118
    119
    120

    % cd autoconf

    121 % ./AutoRegen.sh

    122
    123
    124

    You must be using Autoconf version 2.59 or later and your aclocal version

    125 should be 1.9 or later.

    126
    127
  • Run configure in the directory in which you want to place
  • 128 object code. Use the following options to tell your project where it
    129 can find LLVM:
    130
    131
    132
    --with-llvmsrc=<directory>
    133
    Tell your project where the LLVM source tree is located.
    134

    --with-llvmobj=<directory>
    135
    Tell your project where the LLVM object tree is located.
    136

    --prefix=<directory>
    137
    Tell your project where it should get installed.
    138
    139
    140
    141

    That's it! Now all you have to do is type gmake (or make

    142 if your on a GNU/Linux system) in the root of your object directory, and your
    143 project should build.

    144
    145
    146
    147
    148

    149 Source Tree Layout
    150
    151
    152
    153
    154
    155

    In order to use the LLVM build system, you will want to organize your

    156 source code so that it can benefit from the build system's features.
    157 Mainly, you want your source tree layout to look similar to the LLVM
    158 source tree layout. The best way to do this is to just copy the
    159 project tree from llvm/projects/sample and modify it to meet
    160 your needs, but you can certainly add to it if you want.

    161
    162

    Underneath your top level directory, you should have the following

    163 directories:

    164
    165
    166
    lib
    167
    168 This subdirectory should contain all of your library source
    169 code. For each library that you build, you will have one
    170 directory in lib that will contain that library's source
    171 code.
    172
    173

    174 Libraries can be object files, archives, or dynamic libraries.
    175 The lib directory is just a convenient place for libraries
    176 as it places them all in a directory from which they can be linked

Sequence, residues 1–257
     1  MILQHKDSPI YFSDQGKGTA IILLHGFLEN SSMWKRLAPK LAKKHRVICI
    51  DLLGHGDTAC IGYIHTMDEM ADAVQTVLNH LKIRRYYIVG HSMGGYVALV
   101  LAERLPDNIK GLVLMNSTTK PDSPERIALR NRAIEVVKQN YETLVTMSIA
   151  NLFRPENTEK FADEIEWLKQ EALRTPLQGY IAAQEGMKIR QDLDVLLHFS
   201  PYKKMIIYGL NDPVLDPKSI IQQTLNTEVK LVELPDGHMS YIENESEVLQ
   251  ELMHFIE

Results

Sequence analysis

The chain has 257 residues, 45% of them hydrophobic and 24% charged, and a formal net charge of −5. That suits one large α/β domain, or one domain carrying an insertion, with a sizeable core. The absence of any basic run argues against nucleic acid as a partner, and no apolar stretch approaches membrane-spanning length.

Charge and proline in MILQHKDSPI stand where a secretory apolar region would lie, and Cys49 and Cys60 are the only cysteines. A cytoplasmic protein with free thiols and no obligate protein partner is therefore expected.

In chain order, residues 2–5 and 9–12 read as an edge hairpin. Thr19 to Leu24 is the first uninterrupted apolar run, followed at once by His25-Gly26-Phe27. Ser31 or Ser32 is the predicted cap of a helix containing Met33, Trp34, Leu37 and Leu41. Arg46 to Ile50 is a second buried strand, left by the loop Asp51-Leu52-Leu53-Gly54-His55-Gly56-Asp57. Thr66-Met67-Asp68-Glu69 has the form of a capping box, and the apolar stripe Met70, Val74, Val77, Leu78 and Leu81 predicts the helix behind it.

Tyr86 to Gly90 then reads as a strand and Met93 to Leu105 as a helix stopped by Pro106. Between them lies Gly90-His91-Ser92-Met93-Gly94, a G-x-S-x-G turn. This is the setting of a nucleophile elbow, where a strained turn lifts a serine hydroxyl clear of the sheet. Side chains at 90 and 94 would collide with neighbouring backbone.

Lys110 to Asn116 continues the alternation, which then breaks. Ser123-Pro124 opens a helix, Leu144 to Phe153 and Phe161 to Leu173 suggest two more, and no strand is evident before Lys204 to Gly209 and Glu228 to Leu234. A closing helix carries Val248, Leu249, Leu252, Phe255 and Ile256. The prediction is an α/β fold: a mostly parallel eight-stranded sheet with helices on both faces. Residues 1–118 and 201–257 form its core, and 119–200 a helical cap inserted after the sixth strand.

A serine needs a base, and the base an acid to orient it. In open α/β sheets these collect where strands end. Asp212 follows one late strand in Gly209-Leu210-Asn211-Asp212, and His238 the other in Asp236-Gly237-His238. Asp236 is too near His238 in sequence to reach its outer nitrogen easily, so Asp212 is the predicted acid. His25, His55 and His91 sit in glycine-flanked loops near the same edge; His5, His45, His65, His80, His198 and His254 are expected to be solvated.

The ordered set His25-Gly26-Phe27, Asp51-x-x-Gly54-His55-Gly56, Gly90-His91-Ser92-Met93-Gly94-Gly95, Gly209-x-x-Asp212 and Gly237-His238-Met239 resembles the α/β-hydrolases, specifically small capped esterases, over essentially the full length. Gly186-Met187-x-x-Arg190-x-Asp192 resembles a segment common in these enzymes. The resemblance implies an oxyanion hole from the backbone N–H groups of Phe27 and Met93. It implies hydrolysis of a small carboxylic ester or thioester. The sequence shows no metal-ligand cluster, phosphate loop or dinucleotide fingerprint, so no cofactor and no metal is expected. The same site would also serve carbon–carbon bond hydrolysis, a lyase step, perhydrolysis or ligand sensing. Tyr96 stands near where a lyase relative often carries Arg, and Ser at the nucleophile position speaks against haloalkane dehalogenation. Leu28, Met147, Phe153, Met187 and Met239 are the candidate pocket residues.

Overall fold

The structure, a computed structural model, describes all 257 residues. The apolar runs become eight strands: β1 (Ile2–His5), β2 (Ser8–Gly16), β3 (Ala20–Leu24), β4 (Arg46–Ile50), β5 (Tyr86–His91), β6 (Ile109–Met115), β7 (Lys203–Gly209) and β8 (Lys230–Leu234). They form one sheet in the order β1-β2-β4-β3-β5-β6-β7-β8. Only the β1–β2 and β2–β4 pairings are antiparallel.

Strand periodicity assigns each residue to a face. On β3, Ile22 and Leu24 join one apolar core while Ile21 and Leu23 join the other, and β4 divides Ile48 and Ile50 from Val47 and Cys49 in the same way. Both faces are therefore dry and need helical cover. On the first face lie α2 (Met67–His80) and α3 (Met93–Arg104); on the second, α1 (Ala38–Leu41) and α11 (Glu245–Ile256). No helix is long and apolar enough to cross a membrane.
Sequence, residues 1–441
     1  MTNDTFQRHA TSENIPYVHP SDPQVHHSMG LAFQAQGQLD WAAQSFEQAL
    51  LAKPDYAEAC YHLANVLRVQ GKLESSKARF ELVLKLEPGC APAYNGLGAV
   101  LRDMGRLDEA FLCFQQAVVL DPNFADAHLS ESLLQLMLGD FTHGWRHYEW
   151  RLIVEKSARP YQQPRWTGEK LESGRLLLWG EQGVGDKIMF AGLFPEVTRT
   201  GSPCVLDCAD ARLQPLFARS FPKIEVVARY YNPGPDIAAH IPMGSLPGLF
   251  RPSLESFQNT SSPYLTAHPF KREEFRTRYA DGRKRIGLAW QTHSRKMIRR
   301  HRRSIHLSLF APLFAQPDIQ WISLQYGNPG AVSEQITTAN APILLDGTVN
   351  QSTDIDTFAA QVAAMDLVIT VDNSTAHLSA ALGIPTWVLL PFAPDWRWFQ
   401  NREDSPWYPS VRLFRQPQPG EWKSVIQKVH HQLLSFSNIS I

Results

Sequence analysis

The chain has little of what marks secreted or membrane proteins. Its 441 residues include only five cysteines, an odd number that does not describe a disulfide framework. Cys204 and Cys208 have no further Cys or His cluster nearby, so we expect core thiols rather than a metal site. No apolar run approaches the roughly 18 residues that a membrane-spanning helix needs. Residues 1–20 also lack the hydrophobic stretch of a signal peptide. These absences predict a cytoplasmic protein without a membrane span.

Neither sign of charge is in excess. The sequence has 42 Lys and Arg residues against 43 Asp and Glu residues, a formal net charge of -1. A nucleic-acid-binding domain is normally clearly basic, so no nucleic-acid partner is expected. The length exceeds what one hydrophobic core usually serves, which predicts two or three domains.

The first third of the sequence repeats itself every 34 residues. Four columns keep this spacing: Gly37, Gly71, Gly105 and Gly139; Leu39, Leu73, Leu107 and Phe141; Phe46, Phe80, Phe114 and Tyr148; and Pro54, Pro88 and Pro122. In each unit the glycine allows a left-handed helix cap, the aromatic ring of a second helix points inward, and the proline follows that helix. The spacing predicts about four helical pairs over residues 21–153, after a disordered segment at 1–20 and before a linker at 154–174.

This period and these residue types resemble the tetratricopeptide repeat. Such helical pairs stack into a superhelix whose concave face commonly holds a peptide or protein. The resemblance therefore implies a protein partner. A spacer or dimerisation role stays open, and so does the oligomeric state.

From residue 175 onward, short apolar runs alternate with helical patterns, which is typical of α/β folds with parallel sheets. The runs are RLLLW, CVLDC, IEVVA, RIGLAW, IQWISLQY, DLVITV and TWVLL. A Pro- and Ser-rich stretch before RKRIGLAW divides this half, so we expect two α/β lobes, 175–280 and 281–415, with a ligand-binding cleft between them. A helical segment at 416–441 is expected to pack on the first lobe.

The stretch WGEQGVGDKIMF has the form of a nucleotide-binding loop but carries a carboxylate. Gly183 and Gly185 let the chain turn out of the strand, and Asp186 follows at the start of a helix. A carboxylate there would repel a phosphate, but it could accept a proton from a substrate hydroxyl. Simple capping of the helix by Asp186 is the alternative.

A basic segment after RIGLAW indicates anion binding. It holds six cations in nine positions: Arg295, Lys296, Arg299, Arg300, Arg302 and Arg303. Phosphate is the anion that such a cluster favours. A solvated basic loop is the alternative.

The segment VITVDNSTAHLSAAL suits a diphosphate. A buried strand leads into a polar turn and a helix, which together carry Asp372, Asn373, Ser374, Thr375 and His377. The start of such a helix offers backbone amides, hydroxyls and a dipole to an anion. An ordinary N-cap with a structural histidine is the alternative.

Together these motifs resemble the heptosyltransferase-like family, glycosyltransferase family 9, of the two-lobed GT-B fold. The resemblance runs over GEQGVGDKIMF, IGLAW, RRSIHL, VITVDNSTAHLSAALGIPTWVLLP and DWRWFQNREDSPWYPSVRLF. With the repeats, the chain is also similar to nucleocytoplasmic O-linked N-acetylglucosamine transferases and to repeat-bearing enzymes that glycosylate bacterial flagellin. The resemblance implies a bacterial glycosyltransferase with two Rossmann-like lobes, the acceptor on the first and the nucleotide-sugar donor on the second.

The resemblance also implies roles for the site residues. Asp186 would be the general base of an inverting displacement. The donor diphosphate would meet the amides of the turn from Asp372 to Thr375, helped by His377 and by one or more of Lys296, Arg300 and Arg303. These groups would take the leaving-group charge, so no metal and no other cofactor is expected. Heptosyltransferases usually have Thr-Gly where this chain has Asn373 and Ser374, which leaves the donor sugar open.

177 later.
    178
    179
    include
    180
    181 This subdirectory should contain any header files that are
    182 global to your project. By global, we mean that they are used
    183 by more than one library or executable of your project.
    184

    185 By placing your header files in include, they will be
    186 found automatically by the LLVM build system. For example, if
    187 you have a file include/jazz/note.h, then your source
    188 files can include it simply with #include "jazz/note.h".
    189
    190
    tools
    191
    192 This subdirectory should contain all of your source
    193 code for executables. For each program that you build, you
    194 will have one directory in tools that will contain that
    195 program's source code.
    196

    197
    198
    test
    199
    200 This subdirectory should contain tests that verify that your code
    201 works correctly. Automated tests are especially useful.
    202

    203 Currently, the LLVM build system provides basic support for tests.
    204 The LLVM system provides the following:
    205
    206
  • 207 LLVM provides a tcl procedure that is used by Dejagnu to run
    208 tests. It can be found in llvm/lib/llvm-dg.exp. This
    209 test procedure uses RUN lines in the actual test case to determine
    210 how to run the test. See the
    211 href="TestingGuide.html">TestingGuide for more details. You
    212 can easily write Makefile support similar to the Makefiles in
    213 llvm/test to use Dejagnu to run your project's tests.
    214
  • 215 LLVM contains an optional package called llvm-test
    216 which provides benchmarks and programs that are known to compile with the
    217 LLVM GCC front ends. You can use these
    218 programs to test your code, gather statistics information, and
    219 compare it to the current LLVM performance statistics.
    220
    Currently, there is no way to hook your tests directly into the
    221 llvm/test testing harness. You will simply
    222 need to find a way to use the source provided within that directory
    223 on your own.
    224
    225
    226
    227

    Typically, you will want to build your lib directory first followed by

    228 your tools directory.